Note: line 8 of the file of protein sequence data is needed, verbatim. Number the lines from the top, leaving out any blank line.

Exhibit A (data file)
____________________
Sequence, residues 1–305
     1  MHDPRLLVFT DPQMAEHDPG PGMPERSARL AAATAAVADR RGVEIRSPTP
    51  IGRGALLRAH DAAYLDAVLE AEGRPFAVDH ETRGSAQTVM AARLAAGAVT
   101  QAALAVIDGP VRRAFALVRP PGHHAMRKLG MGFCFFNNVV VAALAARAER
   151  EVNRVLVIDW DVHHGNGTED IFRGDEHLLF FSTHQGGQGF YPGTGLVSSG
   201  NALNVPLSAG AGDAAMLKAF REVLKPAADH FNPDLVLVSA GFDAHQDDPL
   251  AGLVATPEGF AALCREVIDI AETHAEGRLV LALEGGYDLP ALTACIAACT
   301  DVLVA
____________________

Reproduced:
   301  DVLVA